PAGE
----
How Highbrow Wins in a Lowbrow World
J Thoendell stashed this in Business
"We are extremely lucky here on HBO, because we don't have advertisers," John Oliver said in August on his HBO show Last Week Tonight. "So if I want to say, for instance, that Cadbury Eggs are filled with dolphin sperm, or that Old Navy clothing makes you look like a tacky murderer, I can. And why? Because of HBO's business model, which nobody has been able to explain to me yet."
The line drew laughs, but Oliver was dead on. HBO's business model has been instrumental in the meteoric rise of not only Last Week Tonight, but also HBO's entire lineup. That business model goes like this: Households with cable TV pay extra to watch premium channels—and they can start paying to watch the channel online without a cable subscription in 2015. Although the network sells its original movies and shows in places like iTunes, subscriptions make up the vast majority of its revenue.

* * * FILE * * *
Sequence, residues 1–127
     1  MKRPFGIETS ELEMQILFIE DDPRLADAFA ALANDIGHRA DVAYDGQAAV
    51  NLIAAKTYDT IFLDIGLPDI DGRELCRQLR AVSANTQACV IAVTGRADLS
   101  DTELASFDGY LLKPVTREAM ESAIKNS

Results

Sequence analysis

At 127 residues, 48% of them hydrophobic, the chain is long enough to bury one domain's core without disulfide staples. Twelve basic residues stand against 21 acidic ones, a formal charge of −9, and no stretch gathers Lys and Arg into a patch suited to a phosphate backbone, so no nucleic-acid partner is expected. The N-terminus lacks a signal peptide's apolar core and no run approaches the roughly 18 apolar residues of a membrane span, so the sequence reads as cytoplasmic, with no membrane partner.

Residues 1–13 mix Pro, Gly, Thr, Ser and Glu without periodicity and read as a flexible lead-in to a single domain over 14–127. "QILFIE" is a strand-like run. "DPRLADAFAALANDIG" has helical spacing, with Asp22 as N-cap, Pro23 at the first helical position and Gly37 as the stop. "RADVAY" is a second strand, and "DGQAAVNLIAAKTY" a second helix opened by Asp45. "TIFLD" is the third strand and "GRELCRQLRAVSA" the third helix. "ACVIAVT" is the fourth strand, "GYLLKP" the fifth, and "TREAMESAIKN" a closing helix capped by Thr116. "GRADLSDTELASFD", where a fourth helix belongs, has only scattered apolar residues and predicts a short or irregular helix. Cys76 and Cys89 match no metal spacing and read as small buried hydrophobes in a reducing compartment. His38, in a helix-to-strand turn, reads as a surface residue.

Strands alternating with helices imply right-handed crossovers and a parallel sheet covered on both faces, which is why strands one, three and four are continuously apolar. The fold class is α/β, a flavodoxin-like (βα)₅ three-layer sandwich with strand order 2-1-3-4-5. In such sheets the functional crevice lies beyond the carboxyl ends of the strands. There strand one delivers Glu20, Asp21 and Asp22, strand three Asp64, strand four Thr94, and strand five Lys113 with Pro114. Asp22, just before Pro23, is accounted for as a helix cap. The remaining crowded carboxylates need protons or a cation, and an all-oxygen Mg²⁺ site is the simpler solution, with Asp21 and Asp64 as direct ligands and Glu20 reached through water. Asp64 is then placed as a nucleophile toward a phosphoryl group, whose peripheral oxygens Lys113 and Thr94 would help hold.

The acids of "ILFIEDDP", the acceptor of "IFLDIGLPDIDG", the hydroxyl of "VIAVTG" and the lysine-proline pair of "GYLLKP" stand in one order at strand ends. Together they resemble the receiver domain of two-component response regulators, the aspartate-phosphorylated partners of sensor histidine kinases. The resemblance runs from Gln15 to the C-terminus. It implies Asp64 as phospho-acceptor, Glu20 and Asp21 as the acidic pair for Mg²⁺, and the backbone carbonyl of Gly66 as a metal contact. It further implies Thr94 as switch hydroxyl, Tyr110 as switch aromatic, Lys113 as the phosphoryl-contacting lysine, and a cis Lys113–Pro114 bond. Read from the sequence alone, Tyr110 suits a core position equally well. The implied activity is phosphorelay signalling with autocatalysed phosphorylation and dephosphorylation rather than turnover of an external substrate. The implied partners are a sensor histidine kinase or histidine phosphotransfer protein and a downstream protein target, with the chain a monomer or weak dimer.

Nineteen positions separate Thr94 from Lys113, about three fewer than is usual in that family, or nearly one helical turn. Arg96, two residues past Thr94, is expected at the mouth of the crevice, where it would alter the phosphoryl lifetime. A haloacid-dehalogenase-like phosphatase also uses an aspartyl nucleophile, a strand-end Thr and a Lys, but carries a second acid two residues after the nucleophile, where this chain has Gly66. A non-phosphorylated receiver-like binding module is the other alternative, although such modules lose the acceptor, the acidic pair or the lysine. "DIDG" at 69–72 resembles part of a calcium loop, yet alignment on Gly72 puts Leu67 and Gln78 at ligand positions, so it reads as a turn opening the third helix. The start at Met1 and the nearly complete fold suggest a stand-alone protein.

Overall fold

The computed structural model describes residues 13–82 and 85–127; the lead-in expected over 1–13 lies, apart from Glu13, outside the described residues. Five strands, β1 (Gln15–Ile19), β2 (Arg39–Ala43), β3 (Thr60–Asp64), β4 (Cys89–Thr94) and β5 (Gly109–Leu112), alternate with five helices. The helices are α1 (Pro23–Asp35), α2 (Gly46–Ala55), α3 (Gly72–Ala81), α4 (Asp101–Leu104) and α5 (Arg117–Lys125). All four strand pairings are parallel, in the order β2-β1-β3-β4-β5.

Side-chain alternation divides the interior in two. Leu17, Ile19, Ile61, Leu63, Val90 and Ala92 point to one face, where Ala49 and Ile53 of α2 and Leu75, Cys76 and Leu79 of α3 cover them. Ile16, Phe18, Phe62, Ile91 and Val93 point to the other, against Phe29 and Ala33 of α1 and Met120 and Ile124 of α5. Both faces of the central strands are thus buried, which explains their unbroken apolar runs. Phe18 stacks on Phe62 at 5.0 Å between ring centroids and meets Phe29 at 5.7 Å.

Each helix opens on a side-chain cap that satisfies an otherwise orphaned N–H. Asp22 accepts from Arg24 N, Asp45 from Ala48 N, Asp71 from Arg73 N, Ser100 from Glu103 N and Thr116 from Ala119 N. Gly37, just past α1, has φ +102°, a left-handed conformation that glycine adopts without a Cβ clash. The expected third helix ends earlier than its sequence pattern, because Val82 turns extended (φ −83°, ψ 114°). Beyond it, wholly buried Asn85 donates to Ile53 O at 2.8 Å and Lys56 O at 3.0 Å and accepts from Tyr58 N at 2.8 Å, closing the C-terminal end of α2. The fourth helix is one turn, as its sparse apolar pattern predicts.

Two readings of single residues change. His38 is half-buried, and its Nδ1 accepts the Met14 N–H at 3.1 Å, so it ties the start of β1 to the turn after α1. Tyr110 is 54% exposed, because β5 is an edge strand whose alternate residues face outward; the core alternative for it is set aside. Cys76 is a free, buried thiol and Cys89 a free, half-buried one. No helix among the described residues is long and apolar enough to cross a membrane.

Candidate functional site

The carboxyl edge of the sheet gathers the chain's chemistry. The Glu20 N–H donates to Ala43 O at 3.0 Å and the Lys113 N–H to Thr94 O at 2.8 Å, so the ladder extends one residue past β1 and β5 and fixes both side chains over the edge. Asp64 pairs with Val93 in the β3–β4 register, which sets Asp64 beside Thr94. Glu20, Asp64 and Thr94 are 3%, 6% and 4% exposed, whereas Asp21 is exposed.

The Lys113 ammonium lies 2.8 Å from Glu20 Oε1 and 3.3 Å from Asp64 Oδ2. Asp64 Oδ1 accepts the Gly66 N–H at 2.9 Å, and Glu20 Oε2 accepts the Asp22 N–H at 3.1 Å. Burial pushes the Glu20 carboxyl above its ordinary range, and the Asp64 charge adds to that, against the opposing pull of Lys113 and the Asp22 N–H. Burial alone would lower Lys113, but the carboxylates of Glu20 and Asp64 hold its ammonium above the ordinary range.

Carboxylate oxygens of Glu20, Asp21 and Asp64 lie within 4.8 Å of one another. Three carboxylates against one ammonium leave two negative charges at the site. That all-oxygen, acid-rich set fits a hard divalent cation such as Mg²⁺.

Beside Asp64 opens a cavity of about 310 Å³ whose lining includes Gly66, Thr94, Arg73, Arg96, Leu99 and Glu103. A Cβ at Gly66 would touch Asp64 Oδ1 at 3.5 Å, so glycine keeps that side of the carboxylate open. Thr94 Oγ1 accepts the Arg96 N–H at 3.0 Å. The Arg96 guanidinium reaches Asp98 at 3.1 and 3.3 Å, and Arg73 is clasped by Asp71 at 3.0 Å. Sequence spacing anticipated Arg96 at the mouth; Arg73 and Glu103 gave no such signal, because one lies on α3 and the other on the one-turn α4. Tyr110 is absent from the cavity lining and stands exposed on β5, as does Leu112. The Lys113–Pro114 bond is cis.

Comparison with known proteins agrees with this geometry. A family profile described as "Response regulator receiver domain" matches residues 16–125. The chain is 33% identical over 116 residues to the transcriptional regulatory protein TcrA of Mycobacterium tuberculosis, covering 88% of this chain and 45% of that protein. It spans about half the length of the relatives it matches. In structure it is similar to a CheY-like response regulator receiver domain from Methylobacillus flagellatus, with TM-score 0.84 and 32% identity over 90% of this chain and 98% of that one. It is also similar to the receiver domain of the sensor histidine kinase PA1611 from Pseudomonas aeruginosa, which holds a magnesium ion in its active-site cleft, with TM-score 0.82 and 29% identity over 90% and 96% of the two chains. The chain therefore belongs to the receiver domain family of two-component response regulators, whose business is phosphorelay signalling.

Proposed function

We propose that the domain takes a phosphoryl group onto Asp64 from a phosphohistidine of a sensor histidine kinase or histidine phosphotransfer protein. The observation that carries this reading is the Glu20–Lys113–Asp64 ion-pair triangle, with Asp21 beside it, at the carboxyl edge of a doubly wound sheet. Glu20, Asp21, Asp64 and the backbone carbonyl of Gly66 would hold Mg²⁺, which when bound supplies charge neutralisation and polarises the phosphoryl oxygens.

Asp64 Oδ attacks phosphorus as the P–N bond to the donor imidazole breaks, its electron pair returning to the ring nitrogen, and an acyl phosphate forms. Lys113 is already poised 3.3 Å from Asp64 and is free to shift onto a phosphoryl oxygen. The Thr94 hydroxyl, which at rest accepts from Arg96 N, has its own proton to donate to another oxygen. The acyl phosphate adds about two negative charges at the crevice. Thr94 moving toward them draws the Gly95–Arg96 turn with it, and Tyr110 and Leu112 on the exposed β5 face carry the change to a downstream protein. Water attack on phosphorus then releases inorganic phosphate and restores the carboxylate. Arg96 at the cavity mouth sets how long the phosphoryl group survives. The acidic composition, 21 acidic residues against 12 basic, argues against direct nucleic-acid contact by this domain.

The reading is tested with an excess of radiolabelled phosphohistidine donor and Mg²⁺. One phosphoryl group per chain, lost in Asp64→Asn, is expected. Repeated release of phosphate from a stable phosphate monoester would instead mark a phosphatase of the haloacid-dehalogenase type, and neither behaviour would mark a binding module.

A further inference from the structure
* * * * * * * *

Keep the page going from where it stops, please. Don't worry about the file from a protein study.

The fact that HBO has no ads means the network has no money tied up in its ratings. If each of its 43 million US subscribers watch 1,000 hours, 100 hours, or zero hours of "Game of Thrones" this year, it's all the same to the company's bottom line. Technically, HBO doesn't need viewers. It just needs subscribers.*
Compare HBO's business to most broadcast networks, like Fox, CBS, and NBC, who make most of their revenue from advertising, which depends on ratings. Broadcast TV won't survive on cable subscribers, alone. It needs viewers—and it tests and re-tests its shows to ensure that they will be watched by a sizable and sellable audience.
These are two business models living inside the same bundle. HBO is in the business of selling a brand. Broadcast networks are in the business of selling tickets.